1. MICHAEL F. V., JOHN E. P., MARCELO F. V. Clinical Guideline: Diagnosis and Management of Achalasia. Am J Gastroenterol [online] 23 July 2013. [viewed 30 March 2014] Available from: doi: 10.1038/ajg.2013.196

Management - General Measures

Fact Explanation
Nutritional support If the child is severely wasted optimization of the nutrition plays an important role in the management. [1]
Treatment of respiratory tract infections Due to the recurrent aspiration, patients are more susceptible to develop aspiration pneumonia. This should be treated prior to the surgery. [1]
References
  1. NIGHAT F. M., MILES M. W., MUTASIM N. A. Achalasia: unusual cause of chronic cough in children. Cough [online] 2008, 4:6 [viewed 30 March 2014] Available from: doi:10.1186/1745-9974-4-6

Management - Specific Treatments

Fact Explanation
Calcium channel blockers (CCB) Reduces the esophageal smooth muscle spasm and relaxes the lower esophageal sphincter. [1] Nifedipine is the commonly used CCB.
Long acting nitrates The action is similar to CCBs. CCB and Long acting nitrates are the most commonly used pharmacological treatment options. [1]
Phosphodiesterase-5-inhibitors [1] The mechanism of action is similar to the above drugs. Sildenafil is the commonly used drug. [2]
Anticholinergics [1] Atropine, dicyclomine and cimetropium bromide are commonly used drugs. These drugs reduces the lower esophageal sphincter tone.
β -adrenergic agonists [1] Terbutaline is the commonly used drug of this group. The final action is the reduction of the lower esophageal sphincter tone. Pharmacological management is less successful than the other modalities of treatment.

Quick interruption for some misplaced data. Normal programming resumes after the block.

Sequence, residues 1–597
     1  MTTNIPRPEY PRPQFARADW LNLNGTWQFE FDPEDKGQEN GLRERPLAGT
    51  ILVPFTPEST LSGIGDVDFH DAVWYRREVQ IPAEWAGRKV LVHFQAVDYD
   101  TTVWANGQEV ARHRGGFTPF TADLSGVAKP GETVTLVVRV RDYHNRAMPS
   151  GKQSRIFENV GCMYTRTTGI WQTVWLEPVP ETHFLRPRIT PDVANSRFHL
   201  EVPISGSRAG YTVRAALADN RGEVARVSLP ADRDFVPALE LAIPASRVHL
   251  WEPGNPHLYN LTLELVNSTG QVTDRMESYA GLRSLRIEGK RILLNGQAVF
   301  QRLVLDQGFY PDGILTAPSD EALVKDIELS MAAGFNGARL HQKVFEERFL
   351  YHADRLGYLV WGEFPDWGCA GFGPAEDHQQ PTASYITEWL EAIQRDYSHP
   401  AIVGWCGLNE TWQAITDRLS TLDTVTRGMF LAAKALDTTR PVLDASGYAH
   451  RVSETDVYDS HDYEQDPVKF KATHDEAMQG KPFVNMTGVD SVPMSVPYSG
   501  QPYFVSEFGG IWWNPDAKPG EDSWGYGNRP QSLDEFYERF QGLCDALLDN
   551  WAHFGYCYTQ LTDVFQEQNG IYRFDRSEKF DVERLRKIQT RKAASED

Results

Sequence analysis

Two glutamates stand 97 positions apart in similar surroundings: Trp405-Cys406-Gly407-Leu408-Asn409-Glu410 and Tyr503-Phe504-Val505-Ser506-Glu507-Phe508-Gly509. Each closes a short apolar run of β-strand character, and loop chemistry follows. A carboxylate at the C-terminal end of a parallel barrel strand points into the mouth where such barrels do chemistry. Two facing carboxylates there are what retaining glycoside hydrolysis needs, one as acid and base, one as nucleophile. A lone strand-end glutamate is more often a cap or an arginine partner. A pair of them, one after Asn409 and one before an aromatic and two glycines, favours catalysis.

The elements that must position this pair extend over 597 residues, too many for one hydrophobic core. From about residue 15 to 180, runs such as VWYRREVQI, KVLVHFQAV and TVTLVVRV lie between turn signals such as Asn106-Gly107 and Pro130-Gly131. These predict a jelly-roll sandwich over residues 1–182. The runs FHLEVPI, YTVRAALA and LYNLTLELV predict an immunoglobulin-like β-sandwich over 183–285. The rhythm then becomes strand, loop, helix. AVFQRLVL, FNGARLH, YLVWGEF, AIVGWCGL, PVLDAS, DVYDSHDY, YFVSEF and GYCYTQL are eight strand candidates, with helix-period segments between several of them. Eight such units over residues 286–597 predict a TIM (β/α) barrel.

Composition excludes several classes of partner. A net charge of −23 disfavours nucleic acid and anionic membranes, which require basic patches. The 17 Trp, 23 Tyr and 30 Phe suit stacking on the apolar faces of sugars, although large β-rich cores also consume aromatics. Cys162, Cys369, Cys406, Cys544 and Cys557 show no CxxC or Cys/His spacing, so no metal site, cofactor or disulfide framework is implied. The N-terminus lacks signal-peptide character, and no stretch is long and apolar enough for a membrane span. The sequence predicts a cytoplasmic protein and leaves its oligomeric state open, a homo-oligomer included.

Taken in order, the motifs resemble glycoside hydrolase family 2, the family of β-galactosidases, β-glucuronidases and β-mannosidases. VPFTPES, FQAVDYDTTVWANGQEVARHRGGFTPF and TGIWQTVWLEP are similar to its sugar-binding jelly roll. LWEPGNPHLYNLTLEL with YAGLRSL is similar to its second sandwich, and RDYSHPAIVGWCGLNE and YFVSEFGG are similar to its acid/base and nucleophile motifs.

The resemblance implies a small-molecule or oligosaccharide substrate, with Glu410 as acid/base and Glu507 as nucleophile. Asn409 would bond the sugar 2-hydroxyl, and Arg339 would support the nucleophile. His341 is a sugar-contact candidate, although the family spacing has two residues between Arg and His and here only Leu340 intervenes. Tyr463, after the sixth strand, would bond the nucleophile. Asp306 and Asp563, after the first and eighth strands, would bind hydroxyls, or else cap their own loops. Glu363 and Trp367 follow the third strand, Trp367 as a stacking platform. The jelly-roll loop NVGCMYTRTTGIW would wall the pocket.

Botulinum toxin (Botox) Botox is injected to the site of the lesion via endoscopy. [1] Botox inhibits the release of acetylcholine neurotransmitter at the presynaptic ending and prevents the propagation of the nerve impulse. [3]
Pneumatic dilation (balloon dilation) This is better than the pharmacological management options. [4] Air dilates the lower esophagus and damages the circular muscle fibers of the lower esophageal sphincter. [1]
Surgical myotomy Circular muscle fibers of the lower esophageal sphincter is surgically divided. Laparoscopic treatment is preferred over the open surgical access. [1] Heller myotomy is the commonly used option.
Esophagectomy In the presence of severe esophageal dilation and tortuosity (megaesophagus or sigmoid esophagus) are eligible for this treatment option. [5]
References
  1. MICHAEL F. V., JOHN E. P., MARCELO F. V. Clinical Guideline: Diagnosis and Management of Achalasia. Am J Gastroenterol [online] 23 July 2013. [viewed 30 March 2014] Available from: doi: 10.1038/ajg.2013.196
  2. BORTOLOTTI M., MARI C., LOPILATO C. et al. Effects of sildenafil on esophageal motility of patients with idiopathic achalasia . Gastroenterology [online] 2000 ; 118 : 253 – 7 . [viewed 30 March 2014] Available from: http://www.gastrojournal.org/article/S0016-5085(00)70206-X/abstract
  3. PASRICHA PJ , RAVICH WJ , HENDRIX TR et al. Intrasphincteric botulinum toxin for the treatment of achalasia . N Engl J Med [online] 1995 ; 332 : 774 – 8 . [viewed 30 March 2014] Available from: www.nejm.org/doi/pdf/10.1056/NEJM199503233321203
  4. VAEZI M. F., RICHTER J. E. Diagnosis and management of achalasia. American College of Gastroenterology Practice Parameter Committee . Am J Gastro enterol [online] 1999 ; 94 : 3406 – 3412 . [viewed 30 March 2014] Available from: doi:10.1111/j.1572-0241.1999.01639.x
  5. GLATZ SM , RICHARDSON JD . Esophagectomy for end stage achalasia . J Gastrointest Surg [online] 2007 ; 11 : 1134 – 7. [viewed 30 March 2014] Available from: http://link.springer.com/article/10.1007/s11605-007-0226-8